Public speaking is the number one fear in America. This fear, known as glossophobia, affects 25% of the population. With these statistics, it’s no wonder why so many of us are plagued with doubt when we open up a notebook or blank document.
Whether writing blog posts, newsletters, or a book, your writing allows you to speak to the public on behalf of your company, employer, and yourself.
“Yeah, I know! That’s why I’m freaking out!”
Sometimes this responsibility can feel like the world is placed on your shoulders. You’re creating something that others will read and critique. Your words will be imprinted on the screens and in the minds of other people.
A lot of people don’t want to write because they don’t want their words (aka their thoughts and ideas) to be rejected. Or argued. Or mocked.
That fear of criticism can be a big deal if writing isn’t your cup of tea. It can be a big deal even if writing is your cup of tea.
Ultimately, this fear leads to self-doubt. And self-doubt is the root of writer’s block.
Did you know that humans spend half of their waking time daydreaming? Our brains wander by nature, jumping from one thought to the next. If there’s nothing important for our minds to focus on, whether it be a conversation with a friend or the latest episode of Game of Thrones, they simply slip back into their daydreaming state. The question then becomes this: what’s the best way to capture a wandering mind?
Simple, by telling stories.
Marketing is all about sharing your product or service to customers, and storytelling is a great way to accomplish this. Enter in the case study, an in-depth analysis that tells a story about a customer and your company. In fact, 92% of customers prefer that media message sound like a story. Nobody wants to be sold to, but a convincing story helps consumers understand a particular problem and feel the rush of relief when everyone lives happily ever after. Keep on reading to learn how you can use a case study to market your business.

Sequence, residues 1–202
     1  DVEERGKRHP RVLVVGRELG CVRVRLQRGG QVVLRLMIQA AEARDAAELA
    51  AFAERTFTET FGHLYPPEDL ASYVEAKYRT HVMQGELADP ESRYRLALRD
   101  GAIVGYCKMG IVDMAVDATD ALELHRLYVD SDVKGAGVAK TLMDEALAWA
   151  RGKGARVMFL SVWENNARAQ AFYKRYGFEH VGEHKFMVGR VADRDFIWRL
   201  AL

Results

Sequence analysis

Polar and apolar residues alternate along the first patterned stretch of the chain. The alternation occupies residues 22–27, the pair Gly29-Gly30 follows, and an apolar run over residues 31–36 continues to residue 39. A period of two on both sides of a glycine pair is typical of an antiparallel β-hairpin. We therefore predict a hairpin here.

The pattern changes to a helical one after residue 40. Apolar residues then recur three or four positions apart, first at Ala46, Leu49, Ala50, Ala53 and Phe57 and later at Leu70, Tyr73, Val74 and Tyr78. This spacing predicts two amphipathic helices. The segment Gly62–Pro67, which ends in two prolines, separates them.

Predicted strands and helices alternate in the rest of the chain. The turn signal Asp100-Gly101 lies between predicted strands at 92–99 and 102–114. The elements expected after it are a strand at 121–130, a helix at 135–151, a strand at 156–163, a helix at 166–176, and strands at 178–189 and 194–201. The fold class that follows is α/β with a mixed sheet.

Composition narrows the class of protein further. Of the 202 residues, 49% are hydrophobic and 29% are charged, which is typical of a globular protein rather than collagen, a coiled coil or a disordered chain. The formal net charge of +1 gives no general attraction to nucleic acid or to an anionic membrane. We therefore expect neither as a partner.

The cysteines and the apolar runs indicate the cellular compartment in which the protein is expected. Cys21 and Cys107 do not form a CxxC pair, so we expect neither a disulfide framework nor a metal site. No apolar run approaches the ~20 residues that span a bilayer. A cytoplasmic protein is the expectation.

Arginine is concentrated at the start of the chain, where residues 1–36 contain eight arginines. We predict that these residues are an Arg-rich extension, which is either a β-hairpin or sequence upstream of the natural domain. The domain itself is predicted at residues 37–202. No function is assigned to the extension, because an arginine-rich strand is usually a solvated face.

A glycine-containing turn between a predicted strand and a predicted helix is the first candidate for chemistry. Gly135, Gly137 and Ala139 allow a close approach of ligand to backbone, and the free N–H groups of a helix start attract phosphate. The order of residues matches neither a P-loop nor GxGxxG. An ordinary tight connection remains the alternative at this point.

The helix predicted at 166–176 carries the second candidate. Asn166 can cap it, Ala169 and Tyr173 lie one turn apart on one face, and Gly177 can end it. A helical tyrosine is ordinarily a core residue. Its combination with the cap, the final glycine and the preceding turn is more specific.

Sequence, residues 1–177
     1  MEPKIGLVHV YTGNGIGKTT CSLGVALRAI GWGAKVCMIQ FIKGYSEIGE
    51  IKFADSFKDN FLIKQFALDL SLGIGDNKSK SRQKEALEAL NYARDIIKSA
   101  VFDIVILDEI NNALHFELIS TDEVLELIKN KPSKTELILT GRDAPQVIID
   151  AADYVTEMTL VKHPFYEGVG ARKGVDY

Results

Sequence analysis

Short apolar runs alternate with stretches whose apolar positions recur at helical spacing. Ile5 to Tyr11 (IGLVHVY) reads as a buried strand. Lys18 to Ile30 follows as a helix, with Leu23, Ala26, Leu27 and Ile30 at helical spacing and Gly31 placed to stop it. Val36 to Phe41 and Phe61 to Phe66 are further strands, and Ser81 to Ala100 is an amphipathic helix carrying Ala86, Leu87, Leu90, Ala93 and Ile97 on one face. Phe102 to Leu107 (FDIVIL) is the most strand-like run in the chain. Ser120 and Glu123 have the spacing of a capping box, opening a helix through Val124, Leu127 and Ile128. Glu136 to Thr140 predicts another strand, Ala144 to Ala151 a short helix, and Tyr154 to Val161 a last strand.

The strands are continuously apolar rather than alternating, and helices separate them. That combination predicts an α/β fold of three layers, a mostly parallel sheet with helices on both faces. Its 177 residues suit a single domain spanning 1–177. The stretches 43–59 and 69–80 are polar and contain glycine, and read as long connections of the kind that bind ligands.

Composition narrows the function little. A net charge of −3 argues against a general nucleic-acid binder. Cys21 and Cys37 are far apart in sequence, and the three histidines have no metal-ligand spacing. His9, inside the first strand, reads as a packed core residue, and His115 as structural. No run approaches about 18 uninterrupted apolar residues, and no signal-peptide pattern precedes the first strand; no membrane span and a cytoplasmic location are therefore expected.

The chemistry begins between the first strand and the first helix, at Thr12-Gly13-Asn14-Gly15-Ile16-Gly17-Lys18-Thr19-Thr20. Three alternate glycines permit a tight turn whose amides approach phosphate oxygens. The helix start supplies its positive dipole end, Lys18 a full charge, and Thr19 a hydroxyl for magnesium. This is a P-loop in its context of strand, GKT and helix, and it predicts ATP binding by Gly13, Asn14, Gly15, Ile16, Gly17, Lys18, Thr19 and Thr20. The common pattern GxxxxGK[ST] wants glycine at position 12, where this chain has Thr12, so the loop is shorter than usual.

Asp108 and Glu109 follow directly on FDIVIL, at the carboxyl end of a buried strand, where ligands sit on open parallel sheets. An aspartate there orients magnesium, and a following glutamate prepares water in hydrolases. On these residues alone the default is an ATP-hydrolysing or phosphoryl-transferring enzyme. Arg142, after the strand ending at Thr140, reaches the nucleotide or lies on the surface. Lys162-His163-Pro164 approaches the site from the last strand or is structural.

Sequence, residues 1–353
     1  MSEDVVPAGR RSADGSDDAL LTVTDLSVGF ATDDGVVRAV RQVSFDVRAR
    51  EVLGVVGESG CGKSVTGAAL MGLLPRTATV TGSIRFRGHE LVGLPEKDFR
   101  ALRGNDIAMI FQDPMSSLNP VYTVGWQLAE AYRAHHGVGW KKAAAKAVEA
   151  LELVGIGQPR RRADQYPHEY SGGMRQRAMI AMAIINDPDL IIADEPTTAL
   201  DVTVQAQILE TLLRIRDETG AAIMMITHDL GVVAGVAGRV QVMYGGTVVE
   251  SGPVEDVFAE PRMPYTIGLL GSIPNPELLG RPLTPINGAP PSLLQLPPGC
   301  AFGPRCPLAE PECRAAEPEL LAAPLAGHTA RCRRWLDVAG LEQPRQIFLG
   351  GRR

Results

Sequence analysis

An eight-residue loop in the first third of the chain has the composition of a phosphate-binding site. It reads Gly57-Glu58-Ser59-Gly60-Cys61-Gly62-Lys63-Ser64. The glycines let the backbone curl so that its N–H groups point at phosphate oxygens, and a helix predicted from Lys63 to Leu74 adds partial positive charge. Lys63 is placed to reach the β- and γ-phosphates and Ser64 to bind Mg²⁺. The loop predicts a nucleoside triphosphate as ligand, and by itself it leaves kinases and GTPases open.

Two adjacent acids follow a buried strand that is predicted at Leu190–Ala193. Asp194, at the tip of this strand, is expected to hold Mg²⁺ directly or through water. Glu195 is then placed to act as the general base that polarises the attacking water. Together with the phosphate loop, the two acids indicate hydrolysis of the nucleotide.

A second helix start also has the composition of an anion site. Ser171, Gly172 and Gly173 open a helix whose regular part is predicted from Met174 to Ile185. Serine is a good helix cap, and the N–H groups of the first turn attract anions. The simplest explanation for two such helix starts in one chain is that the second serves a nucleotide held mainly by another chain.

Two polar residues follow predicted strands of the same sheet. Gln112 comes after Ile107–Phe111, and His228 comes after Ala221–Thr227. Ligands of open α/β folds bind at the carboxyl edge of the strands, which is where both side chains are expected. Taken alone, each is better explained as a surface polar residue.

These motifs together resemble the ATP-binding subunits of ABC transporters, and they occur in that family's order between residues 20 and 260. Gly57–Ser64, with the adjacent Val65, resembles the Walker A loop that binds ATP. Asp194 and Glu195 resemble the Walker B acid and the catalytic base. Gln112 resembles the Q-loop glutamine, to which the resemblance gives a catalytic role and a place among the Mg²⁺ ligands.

We all know that criticism can sometimes be hard to take, but we also learn very early on that it usually makes for a stronger and better business.
But today, the stakes have gotten even higher.
Now, customer complaints are increasingly being channeled through the oh-so-public social media platforms, such as Facebook and Twitter. This means that companies have to get on board fast, or risk the wrath of their unhappy customers’ complaints and criticisms going viral.
A 2013 study by Simply Measured showed that 30% of brands have a dedicated customer service handle on Twitter, with the average response to a complaint being 5.1 hours. Only 10% of companies answered within the hour.
And the numbers haven’t gotten any better since then.
In 2015, a study by brandwatch showed that most retail brands still don’t listen to customers on Twitter. They discovered that 46.6% of brands engaged with any tagged @mentions (which were categorized as neutral, questions or complaints). 64.6% responded to questions within 5 days and only 11.2% responded within one hour.
To help you figure out how to handle customer service on social media the right way, I’ve compiled some examples of the good, the bad and the ugly so you can learn what you should and shouldn’t be doing!